LU audiology professor plays role in developing affordable hearing aids

Dr. Vinaya Manchaiah, Jo Mayo Endowed professor of speech and hearing sciences at Lamar University, joins a national team that has designed hearing aids that cost less than a dollar. Manchaiah was invited to join the research initiative because of his work to develop and test accessible and affordable solutions to people with Hearing Aidshearing loss and tinnitus.

Aimed at helping millions of older people worldwide who suffer from moderate age-related hearing loss, the research team has developed an ultra-low-cost, proof-of-concept device known as LoCHAid. Made from a dollar’s worth of open-source parts and a 3D printed case, LoCHAid look like wearable music players and are expected to meet World Health Organization requirements for hearing aids.

“My work focuses on developing and testing accessible and affordable solutions to people with hearing loss and tinnitus,” said Manchaiah.

As co-founder of the Global Audiology Initiative, Manchaiah has worked to develop hearing solutions for people worldwide. Because of his renowned contribution in the field of audiology, Manchaiah was contacted by Dr.  M. Saad Bhamla, School of Chemical & Biomolecular Engineering, Georgia Institute of Technology, to work collaboratively to develop affording hearing aids.

“I provided input in refining the hearing aid based on acoustic characteristics to meet the needs specific to age-related hearing loss,” said Manchaiah. “We tested multiple prototype devices in our lab for various acoustic characteristics - gain, frequency response, distortion, internal noise - and benchmarked them against the standards. This helped provide feedback to engineers who were building a device with optimized acoustic properties.”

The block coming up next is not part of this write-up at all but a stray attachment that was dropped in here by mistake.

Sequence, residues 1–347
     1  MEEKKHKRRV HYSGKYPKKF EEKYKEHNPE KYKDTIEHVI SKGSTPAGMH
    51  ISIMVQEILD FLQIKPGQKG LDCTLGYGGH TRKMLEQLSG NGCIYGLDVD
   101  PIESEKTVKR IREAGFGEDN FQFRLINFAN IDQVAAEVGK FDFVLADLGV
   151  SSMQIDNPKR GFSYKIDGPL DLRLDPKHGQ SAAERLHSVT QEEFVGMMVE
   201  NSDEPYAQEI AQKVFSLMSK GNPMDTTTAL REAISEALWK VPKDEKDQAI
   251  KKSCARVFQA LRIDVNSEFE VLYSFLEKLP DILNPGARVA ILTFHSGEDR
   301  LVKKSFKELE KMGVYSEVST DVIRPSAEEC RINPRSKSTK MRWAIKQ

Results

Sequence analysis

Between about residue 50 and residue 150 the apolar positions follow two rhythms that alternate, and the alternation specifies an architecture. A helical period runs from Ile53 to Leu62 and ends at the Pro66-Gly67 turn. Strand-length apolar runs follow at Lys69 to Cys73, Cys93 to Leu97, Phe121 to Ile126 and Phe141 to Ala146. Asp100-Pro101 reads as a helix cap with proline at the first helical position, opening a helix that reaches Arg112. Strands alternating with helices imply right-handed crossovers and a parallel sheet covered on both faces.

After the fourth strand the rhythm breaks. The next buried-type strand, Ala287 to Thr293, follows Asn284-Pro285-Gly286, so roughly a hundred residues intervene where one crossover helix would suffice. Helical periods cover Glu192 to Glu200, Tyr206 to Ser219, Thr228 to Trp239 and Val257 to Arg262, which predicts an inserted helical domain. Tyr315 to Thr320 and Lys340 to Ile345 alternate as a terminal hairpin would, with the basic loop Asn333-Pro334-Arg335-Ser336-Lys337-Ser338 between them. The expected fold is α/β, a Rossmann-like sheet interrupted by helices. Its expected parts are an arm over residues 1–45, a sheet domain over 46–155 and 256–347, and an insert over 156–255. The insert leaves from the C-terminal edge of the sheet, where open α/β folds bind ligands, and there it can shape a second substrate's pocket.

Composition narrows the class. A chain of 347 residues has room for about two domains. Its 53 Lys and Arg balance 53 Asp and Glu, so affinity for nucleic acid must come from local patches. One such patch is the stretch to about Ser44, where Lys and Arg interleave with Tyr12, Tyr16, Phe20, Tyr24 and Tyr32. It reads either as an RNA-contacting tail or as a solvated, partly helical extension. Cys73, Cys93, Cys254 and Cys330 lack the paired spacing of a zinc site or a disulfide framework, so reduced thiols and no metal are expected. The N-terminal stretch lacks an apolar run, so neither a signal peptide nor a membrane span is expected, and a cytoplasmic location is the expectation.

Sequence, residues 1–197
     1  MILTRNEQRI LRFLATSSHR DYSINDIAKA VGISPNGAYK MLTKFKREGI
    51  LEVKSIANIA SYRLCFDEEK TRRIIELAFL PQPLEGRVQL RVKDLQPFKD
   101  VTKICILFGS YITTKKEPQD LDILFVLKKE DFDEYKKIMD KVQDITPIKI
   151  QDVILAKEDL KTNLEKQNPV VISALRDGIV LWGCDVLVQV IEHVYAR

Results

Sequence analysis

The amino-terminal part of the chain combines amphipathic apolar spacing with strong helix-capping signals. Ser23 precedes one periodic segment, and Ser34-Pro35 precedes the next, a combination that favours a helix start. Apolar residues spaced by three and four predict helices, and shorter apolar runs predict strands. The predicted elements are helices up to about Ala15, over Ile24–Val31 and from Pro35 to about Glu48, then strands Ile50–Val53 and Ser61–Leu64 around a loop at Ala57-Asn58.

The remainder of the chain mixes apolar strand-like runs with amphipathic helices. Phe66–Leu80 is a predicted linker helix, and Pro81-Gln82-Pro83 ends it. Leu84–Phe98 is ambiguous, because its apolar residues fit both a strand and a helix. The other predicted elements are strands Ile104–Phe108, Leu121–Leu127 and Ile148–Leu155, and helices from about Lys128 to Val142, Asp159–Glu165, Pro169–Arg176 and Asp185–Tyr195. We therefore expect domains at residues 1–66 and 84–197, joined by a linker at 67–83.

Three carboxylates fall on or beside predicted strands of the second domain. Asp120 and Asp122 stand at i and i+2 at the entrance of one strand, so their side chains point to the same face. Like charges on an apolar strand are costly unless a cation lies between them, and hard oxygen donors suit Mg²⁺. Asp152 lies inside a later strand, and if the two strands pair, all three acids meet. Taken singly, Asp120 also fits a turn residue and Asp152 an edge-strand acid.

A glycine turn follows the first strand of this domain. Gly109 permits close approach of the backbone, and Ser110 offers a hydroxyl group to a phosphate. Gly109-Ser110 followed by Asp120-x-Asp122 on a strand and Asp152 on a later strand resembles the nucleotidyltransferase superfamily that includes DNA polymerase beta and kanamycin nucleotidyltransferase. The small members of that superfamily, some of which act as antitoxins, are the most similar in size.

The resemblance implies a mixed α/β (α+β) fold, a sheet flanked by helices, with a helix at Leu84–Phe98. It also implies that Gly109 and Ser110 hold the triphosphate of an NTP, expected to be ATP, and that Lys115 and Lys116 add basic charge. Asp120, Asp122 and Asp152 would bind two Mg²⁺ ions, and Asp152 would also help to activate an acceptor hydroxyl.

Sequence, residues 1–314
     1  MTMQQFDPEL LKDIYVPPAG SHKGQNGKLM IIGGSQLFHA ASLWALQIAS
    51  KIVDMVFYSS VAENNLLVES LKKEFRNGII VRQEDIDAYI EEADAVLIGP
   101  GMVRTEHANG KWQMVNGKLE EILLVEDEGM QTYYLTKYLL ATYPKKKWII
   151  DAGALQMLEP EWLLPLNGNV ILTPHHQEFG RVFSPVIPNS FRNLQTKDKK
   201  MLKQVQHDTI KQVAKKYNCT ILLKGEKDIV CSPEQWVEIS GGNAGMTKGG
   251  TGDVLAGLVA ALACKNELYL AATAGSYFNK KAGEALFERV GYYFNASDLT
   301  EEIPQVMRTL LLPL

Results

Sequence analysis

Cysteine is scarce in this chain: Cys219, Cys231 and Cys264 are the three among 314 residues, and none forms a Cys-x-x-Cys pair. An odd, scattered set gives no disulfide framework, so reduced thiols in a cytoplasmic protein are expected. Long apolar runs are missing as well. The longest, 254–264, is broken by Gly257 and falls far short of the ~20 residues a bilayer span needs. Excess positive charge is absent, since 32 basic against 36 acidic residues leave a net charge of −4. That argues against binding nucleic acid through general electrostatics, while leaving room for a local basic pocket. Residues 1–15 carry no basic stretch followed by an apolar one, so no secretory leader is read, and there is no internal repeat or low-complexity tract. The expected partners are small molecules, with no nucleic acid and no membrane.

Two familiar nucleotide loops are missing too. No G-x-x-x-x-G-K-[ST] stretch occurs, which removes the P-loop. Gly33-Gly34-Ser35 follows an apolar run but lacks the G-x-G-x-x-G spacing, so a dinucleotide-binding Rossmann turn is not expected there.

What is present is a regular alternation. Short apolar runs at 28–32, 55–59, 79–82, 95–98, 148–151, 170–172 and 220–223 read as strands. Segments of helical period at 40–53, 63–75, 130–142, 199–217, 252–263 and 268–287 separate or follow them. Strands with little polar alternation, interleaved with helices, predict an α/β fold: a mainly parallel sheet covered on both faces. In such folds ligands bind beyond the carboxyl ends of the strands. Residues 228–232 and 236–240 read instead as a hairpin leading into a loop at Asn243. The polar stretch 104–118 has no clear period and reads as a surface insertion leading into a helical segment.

Manchaiah said the published results described September 23 in the journal PLOS ONE, are based on lab studies. The researchers now have approval to perform clinical trials which will be conducted at Lamar University, in India and in Malawi.

The hearing aids researchers soldered together in the lab that only cost $0.98 to manufacture (does not include assembly and distribution costs), are larger than most manufactured hearing aids, have an expected lifetime of a year and a half and don’t have the ability to adjust frequency.

The researchers are now working on a smaller version that will increase the cost to $7 and require sophisticated manufacturing.

“This initiative is based on ‘frugal science’ principles,” said Manchaiah. “The project demonstrates that we can develop low-cost solutions with good acoustic quality benefiting those who are underserved.”

Manchaiah believes the LoCHAid initiative sets precedence for developing future solutions to worldwide problems.

“We enjoy interdisciplinary collaborations which is the way for the future to bring solutions that are needed to address health-related issues,” said Manchaiah.